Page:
The night Earl ‘Fatha’ Hines broke the silence at UM

Hines

Earl “Fatha” Hines. I think this is pretty much how he looked when he played Missoula in the 1970s one memorable night.

When I think of all the many concerts I’ve been to in my life, one memory usually bobs to the surface. It involved Earl “Fatha” Hines, playing the University Center ballroom at the University of Montana, sometime in the mid- to late-1970s.

That memory was triggered again today when I stumbled across the Spring edition of the Montanan, the magazine of the University of Montana. In the Winter issue, I learned, there was an article by Montanan editor John Heaney about some of the memorable concerts UM has hosted over the years.

The Spring issue features two pages of letters from readers sharing their own reminiscences of concerts past, and there are even more online. Like me, a lot of people found the subject irresistible. I’m surprised that no one else mentioned Earl Hines.

I’ll get to him in a moment. First, I have to mention some other unforgettable shows I saw at UM between 1974 and 1980. And I will restrict myself to on-campus concerts. If I let myself stray to downtown Missoula (the Top Hat, the Park Hotel, Luke’s, even Eddie’s Club on one magical evening), to Aber Day and to outlying venues (including Poor Henry’s and the Lumberjack), I would have to write a book.

On campus, I saw John Hiatt twice before he was even modestly famous. The first time he opened for Corky Siegel in the ballroom, another great show, and the second time he played a solo show in some little venue behind the UC’s dining room. I’ve been a Hiatt fan ever since.

At the fieldhouse, I saw Gordon Lightfoot fall off his piano bench (intoxicants may have been involved), I heard Ray Charles stop in the middle of a song and tell the rowdy crowd to shut up while he was singing, and I witnessed Bob Weir of the Grateful Dead get hit in the head by an unidentified flying object (though it seems to have been an Aber Day pitcher).

But it was the ballroom at the UC where I went to so many shows that, in retrospect, one would hardly believe came to Missoula, Mont.

I saw Muddy Waters there, which rocked my world. If he was not the coolest cat on the planet in those days, I don’t know who was. I saw John Lee Hooker twice. At the second show, the opening act, the Robert Cray Band, also served as Hooker’s band. Those guys were damn good musicians, but they hardly knew what to do with Hooker’s stripped-down sound and idiosyncratic timing.

Then there was B.B. King. He might have been in his prime about then, and when the band would hush down and B.B. would give these little talks in the middle of a song—mostly addressed to “you ladies,” and consisting mostly of advice in matters of romance—the air was electric. I daresay B.B. could have asked all the women present to kindly take off their clothes and they would have complied without thinking. Or maybe I just wished he had done that.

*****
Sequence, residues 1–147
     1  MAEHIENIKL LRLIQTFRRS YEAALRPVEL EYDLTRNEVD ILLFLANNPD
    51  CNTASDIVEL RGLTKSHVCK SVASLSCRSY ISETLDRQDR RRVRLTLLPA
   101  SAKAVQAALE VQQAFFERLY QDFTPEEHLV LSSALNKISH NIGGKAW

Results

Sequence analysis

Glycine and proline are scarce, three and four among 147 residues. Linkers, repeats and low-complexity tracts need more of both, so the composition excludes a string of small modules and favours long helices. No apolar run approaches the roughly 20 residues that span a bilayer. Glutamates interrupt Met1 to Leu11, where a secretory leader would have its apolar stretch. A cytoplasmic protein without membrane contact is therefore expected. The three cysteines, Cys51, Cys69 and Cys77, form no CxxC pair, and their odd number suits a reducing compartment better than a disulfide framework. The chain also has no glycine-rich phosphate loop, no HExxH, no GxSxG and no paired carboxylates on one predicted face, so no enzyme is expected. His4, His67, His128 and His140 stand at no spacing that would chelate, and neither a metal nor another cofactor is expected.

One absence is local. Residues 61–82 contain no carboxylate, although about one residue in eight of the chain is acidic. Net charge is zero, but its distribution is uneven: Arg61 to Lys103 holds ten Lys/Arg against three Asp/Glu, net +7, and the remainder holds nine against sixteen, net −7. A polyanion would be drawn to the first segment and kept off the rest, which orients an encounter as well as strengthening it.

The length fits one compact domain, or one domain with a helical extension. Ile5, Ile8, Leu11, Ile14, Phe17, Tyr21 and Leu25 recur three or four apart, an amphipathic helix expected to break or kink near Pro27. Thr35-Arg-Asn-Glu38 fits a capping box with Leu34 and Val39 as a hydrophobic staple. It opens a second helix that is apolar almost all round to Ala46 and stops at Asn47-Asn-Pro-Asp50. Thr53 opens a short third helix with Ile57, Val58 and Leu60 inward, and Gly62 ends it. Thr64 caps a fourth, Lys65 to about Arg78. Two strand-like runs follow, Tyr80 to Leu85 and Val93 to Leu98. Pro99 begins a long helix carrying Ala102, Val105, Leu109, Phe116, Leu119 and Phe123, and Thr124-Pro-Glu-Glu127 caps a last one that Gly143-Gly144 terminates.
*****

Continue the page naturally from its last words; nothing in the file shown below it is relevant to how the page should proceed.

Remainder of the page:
David Bromberg played there, too, running through blues, country, bluegrass and soul and proving himself one of the hardest-working musicians I’ve ever witnessed.

And then there was Earl “Fatha” Hines. I didn’t know much about him then and I confess I don’t know much about him now. I just knew that he was supposed to be good, and how could you not want to see a guy with that name?

He was playing a big grand piano, backed by a band of maybe 12 or 15 players, and they served up big helpings of blues-based jazz, as far as I recall. The highlight of the show, however, was totally unscripted.

Hines and company were blazing away at one point when suddenly all the power in the UC went down. We were instantly plunged into a silent darkness, which was so shocking and sudden that no one made a peep, for maybe 10 or 12 seconds.

And then all at once there was a light on stage, and the sound of a piano. It was Earl Hines holding a flaming cigarette lighter in his right hand while pounding out a boogie-woogie bass line with his left. The piano was unamplified, but in that silence it seemed to boom out enormously.

It took the crowd a few more moments to figure out what was going on, but when we did, the place erupted in clapping and cheering, and Hines just kept playing and holding the lighter for another minute, perhaps, until somebody figured out what had gone wrong and restored the power.

There was more wild applause and whooping and hollering, so that it was a while before the band, now plugged in again, could pick up where it left off. The professionalism Hines showed, the aplomb, the quick-thinking, the showmanship—it was all just amazing.

I think everybody there walked out with a huge smile. We knew we had seen something the like of which we’d never see again.

(And if anyone reading this was there and would like to add to or amend my foggy recollections, please do.)

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